Name: Rebecca J. Griffith
College & Majors/Minors: Northern Arizona University, Bachelors of Arts, English 2012
Current location: Phoenix
Current form of employment: Social Media Customer Support Leader, Safeway, Inc.
A few months after graduating with my English degree, my husband and our two dogs and I moved from Northern Arizona down to Phoenix. We knew that there was a larger, if not more lucrative, job market here in the city compared to the relatively limited one in Flagstaff, where I finished my schooling. (Flagstaff is a small city, with a relatively high cost of living. It’s not ideal for the post-grad to find something that can stand up to student loan repayment.) Down to the hot, sprawling city we came, and my first step was to check online and at job fairs for anything that might get me in the door to something where I could use my degree.
After some searching, I started to realize that my qualifications landed somewhere in between the requirements of the job postings I was circling in my search. I found many entry level jobs, and many jobs requiring some kind of business admin, library science, or other specified degree criteria. I had already worked for several years in assorted customer service positions, some of which were more inclusive of writing and grammar skills, but none of which had fit the bill of something I wanted to stay with, long-term. I got frustrated, and wondered where I fit in this transitioning, digitally-driven job market that I emerged into after college.
While I was in college, I imagined that graduation day would be the end of one thing and the start of another. "Time to end the schooling phase and enter the working phase of my career," I thought. However, very few things in life are black and white like that. I didn't exit one door with my degree, and enter the next with a set career trajectory and contract in hand. For me, it didn't work that way. And that is okay. With my degree in hand, so to speak, I at least had the confidence to seek out something that sounded somewhat satisfying.
I decided to take what I could get and (hopefully) work my way into something where I could utilize my training and education. After all, I couldn’t expect to leave college, become an acclaimed nonfiction writer, and begin drawing the blueprints to my Tuscan villa just yet! That’s when I started my journey at Safeway, Inc. I was hired as a Customer Support Agent, and started by taking calls all day, every day, to assist with the myriad issues that arise in the grocery industry. About a week in, I found out there was a writing team at the company that dealt with written correspondence, and I could try to get into it if I wanted to. Well, of course I wanted to! After expressing interest and taking a simple writing exam, I was accepted onto the team. It certainly didn’t hurt that I came in with a swanky English degree! ;)
Fast forward three years to today: I am among the leadership in the Social Media Department for a Fortune 100 grocery chain that spans the United States. I write to customers and executives all day, every day, via email, Facebook, Twitter, Instagram, and blogs. I am a part of the corporate side of the company who deals with both customer support and marketing, and I get to work closely with customer support agents, marketing directors, digital marketing specialists, and other company support networks.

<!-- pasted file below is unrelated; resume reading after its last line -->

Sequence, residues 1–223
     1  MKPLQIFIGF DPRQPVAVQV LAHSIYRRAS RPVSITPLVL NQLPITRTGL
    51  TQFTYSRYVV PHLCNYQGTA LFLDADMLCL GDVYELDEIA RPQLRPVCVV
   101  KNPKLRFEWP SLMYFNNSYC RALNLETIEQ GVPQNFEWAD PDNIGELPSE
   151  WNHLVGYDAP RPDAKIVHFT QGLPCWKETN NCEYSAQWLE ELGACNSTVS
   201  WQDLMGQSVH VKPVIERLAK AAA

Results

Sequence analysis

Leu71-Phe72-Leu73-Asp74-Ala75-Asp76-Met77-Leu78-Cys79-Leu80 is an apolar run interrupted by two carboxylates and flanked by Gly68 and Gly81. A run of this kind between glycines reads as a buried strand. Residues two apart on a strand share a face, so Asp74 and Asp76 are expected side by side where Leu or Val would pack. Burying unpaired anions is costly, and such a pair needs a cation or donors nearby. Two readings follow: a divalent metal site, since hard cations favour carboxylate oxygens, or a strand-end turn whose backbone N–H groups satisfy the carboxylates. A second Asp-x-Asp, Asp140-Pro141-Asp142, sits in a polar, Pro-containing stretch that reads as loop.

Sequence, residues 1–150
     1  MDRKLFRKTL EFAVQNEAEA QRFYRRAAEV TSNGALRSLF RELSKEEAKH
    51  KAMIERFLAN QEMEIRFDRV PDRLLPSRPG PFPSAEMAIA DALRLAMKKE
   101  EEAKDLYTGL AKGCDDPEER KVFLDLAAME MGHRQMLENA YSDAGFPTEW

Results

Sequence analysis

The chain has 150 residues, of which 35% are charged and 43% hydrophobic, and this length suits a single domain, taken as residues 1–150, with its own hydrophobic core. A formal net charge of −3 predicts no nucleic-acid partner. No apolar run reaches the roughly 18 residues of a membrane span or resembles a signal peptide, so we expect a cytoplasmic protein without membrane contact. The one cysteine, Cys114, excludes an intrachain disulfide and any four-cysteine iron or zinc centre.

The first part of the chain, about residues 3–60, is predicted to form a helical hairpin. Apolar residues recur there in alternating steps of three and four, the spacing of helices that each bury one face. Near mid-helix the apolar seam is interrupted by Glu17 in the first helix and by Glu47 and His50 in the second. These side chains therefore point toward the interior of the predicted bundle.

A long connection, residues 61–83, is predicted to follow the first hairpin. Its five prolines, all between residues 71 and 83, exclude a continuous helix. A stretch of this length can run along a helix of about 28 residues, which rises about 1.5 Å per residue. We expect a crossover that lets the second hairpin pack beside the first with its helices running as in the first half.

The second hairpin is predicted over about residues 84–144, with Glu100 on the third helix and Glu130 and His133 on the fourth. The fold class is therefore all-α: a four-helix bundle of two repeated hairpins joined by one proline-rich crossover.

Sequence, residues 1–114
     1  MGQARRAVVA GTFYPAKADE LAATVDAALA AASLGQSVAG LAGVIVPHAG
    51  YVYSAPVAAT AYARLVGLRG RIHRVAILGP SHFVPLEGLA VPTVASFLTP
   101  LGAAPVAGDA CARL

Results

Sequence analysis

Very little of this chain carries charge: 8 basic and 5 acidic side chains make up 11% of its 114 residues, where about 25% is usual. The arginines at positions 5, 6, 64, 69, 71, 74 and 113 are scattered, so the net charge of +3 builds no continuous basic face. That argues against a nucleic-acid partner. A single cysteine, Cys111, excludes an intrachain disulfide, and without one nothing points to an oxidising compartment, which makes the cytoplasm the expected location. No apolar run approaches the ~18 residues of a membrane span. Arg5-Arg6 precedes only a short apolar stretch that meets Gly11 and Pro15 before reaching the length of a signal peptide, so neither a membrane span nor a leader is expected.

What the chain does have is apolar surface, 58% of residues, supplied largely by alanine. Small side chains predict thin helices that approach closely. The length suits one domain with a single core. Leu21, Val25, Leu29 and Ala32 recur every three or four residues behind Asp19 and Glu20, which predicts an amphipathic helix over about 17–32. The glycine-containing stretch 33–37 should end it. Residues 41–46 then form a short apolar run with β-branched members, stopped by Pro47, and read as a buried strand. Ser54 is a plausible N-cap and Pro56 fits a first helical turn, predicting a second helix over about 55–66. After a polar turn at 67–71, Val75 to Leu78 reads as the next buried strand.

Goodbye, phone calls, and hello, digital! I have learned tremendously valuable computer skills, and even honed my personal writing skills as a result of the demands of this position. Part of my passion is writing for an intended audience, and the challenge of determining that audience’s voice via the written word keeps me fascinated.
It isn’t where I though my first post-grad job would land me, and I have plenty more goals and room to grow in my career. But it is certainly one way to make ends meet while making that degree work for me.
Take it from me, it’s easy to get discouraged. But don’t fall prey to this, fellow English lovers! The English degree, unlike some others, does not automatically route you into a field that is conducive to the work we want to do or are passionate about doing. If you pursued an English degree, chances are you have an appreciation for things that a typical 9-5 job may not satisfy: arts, poetry, literature, prose, history… unless you dedicate yourself to teaching a similar subject, many industries just don’t require or feed such an appreciation. But reach out anyway—take a chance somewhere, and see where your amazing skill set can help the company! You never know who may end up needing your help to edit correspondence that goes to an executive, or hears that you are strong in the written word and turns to you for proofreading help (which can pay quite well, in fact.) The doors that open for us may not be the big, grand, obvious ones that say “Doctors and Nurses, enter here,” or “Automotive Mechanics, right this way.” They are more hidden, a little more mysterious, and take some digging to find. And herein lies the beauty: we are needed just about everywhere.
The best advice I can provide is to use your time at school to take in everything you possibly can to begin networking with people. Go to poetry readings at the university or college, or perhaps local poetry slams. Stay abreast of writers who are publishing in your areas of interest, and read everything there is to get your hands on. Engage in what inspires you, and make writing a habit as well as a hobby. Spend time researching what is required to enter the field that interests you, and go for it! The momentum involved in your years of higher education is the catalyst you will need to come out strong and with opportunities behind those numerous (if slightly obscured) doors that are waiting to receive us.